The applications for this technology are endless, a likely initial application for the California Wolf Center being to begin with remote education programs for animal behavior students and virtual tours for students who cannot afford to visit on a field trip. In addition it may be possible to expand the application to offer remote visits some donors and perhaps have a weekly segment on a news show checking in with the wolves at the Center.
Additional comments from Jim Hale, participating from UCSD's San Diego Supercomputer Center as a remote site
One feature of the new technique I think was most interesting was the ability to become the researcher. One person was approaching the enclosure and the one person was a familiar individual. I had the opportunity to see the wolves react in real-time in a way only the researcher would normally see. I thought we invoked curiosity in the wolves about the observer, rather than a defensive behavior caused by the invasion of a group or an unfamiliar stranger.
I was granted a wolf researcher's understanding of wolves as I was directed to specific details that I, a non wolf researcher, would not have noticed while at the same time participating in an interactive discussion about the activities played out in real-time.
In the second setup the action flowed consistently at more frames a second, while the former setup was more like a fast-passed slide show rather then a scene-by-scene action encounter. Melinda, even through the fence, was able to zoom in and take me directly to where the action was occurring or move to a location that provided a better view. Able to split out a single wolf from across the enclosure without unduly disrupting the normal and regular activity.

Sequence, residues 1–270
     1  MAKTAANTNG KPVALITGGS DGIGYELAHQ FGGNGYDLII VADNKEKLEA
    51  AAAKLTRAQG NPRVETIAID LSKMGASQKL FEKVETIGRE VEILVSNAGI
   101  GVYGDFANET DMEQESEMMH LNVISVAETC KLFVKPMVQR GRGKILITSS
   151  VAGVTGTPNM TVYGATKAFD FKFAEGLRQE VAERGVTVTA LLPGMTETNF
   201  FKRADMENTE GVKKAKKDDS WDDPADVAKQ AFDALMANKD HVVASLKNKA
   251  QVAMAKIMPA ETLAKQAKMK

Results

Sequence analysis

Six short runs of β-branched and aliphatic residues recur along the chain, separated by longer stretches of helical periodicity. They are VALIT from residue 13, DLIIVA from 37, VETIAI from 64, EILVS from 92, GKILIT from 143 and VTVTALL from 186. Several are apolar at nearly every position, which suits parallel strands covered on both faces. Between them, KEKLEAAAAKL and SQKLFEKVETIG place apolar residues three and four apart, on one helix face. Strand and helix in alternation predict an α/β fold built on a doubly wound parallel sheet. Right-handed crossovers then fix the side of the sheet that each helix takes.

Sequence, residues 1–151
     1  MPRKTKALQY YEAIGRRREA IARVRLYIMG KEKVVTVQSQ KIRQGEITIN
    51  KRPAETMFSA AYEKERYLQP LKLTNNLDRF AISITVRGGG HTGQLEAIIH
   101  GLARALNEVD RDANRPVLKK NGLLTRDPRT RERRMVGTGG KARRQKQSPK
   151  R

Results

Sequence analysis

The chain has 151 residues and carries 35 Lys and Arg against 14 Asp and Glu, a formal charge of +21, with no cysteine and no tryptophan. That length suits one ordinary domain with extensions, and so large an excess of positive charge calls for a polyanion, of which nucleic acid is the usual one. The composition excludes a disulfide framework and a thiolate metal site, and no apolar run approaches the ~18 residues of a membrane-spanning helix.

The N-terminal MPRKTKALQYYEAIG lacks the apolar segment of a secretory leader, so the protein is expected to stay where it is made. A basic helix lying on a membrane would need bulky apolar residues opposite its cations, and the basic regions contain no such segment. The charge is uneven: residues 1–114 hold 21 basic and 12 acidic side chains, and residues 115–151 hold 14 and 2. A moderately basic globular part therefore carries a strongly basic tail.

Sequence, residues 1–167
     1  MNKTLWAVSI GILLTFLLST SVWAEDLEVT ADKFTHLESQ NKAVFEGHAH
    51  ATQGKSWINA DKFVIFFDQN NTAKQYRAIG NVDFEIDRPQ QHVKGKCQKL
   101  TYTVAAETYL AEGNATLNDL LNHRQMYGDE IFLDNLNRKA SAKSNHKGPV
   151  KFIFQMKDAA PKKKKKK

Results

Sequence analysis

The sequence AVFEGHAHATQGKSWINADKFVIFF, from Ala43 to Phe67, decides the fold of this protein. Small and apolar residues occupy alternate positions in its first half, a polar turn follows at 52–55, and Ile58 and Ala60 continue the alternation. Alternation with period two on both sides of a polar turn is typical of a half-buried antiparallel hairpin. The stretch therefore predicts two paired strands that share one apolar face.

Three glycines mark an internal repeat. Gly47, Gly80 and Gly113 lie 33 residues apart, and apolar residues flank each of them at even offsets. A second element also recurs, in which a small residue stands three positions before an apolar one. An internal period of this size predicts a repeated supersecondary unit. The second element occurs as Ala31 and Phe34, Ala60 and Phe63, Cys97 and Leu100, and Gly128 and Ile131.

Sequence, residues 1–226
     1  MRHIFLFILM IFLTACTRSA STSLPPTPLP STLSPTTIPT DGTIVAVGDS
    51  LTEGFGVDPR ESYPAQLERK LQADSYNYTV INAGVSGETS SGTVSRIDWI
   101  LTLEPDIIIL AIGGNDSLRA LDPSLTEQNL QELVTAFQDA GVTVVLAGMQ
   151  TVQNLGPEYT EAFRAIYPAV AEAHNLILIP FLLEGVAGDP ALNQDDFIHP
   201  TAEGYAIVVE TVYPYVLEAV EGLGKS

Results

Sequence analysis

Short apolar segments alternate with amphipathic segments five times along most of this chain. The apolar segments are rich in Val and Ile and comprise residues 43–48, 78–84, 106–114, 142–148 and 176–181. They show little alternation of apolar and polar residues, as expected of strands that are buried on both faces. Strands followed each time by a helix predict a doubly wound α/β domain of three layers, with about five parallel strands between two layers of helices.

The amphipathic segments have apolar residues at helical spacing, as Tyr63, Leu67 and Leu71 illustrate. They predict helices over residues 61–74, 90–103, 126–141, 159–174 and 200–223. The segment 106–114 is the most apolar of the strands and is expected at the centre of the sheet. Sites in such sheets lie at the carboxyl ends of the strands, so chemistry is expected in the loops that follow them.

The ability to talk directly to Melinda or another researcher is still an integral function to such educational activities, and included the opportunity to direct her attention to a specific detail on the screen and ask for further explanations.
Distance education techniques like this provide a remote observer with an ability to participate otherwise only appreciated by Wolf Center Researchers, with the least impact on the behavior of these beautiful animals.
While it produced usable results, various lessons-learned for these real-time distance education technologies were observed, which may result in further changes of the setup. For example, an issue to be addressed is to avoid overheating the laptop in a closed backpack by perhaps creating an open-air version. It was also determined that having a permanent access point, possibly with multiple antennas pointed to various wolf enclosures, would help making the use of this technoloy more attractive.
"Technology and collaborations with HPWREN allow us to broaden our footprint,"said Patrick Valentino, Executive Director at the California Wolf Center. "When we can use bidirectional interactive video and audio technology for distance education, we increase the value and effectiveness of our education programs. Our ability to make a difference grows exponentially."
Melinda M. Booth